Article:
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Koen Coomans
KU Leuven

14/07/2022| By
Koen Koen Coomans,
+ 1
Ann Ann Heylighen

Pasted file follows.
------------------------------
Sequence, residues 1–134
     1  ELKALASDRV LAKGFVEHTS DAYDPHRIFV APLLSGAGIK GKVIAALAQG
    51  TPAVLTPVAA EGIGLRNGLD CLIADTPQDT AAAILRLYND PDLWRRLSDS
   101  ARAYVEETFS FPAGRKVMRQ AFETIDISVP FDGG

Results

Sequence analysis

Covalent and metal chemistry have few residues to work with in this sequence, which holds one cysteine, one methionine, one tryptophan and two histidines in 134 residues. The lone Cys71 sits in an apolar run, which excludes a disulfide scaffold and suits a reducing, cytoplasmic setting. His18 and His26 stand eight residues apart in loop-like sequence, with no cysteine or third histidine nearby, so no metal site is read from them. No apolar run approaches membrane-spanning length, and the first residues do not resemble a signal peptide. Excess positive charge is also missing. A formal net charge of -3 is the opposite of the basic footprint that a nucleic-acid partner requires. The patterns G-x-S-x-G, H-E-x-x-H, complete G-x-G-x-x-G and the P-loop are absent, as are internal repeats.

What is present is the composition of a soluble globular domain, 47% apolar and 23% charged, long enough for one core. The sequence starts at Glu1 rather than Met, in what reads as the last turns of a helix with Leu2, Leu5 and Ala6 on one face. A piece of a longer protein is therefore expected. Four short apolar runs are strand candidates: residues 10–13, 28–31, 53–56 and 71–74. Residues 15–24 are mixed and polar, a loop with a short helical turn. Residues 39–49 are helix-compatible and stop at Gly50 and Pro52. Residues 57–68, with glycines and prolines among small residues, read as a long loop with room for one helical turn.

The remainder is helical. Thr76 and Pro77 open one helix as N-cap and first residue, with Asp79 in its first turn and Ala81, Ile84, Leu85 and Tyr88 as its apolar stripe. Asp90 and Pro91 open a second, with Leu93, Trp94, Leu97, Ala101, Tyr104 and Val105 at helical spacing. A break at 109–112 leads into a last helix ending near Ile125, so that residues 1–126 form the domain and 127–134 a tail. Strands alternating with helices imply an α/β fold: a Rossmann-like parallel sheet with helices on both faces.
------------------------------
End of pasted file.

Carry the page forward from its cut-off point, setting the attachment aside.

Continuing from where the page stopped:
The term ‘hospice’ refers to both a philosophy of end-of-life care and a building type, dedicated to offering this care. Hospice care strives to offer dignity, personal choice, peace, calm, and freedom from pain. Hospice care is anchored in space and spatial practices; however this relation is understudied. It is a rather new building type, for which architects have few historical references, post-occupancy evaluations, or direct experiences available. The prospect of replacing a Belgian hospice offered an opportunity for a case study. We aim to understand how the built environment of a hospice affects experiences of care, and discuss design considerations derived from that. Our qualitative research approach was based on principles of Grounded Theory and combined observations with semi-structured interviews with six staff members, six volunteers, three relatives and eight patients. Our analysis shows that the built environment contributes to hospice care by the balance it affords between privacy and social interaction, by the discrete ways in which it affords offering high-level care, and by its human scale and relation to the natural environment. Insights gained challenge hospice designers to consider how meaningful encounters are often spontaneously triggered by daily activities; guests’ lifeworld changes in size; a delicate balance is required between proximity and seclusion; the built environment can support the ethos of staff and volunteers; aspects of environmental support (e.g. accessibility) are intertwined with aspects of emotional comfort (e.g. hominess); high-level care can be offered in discrete ways.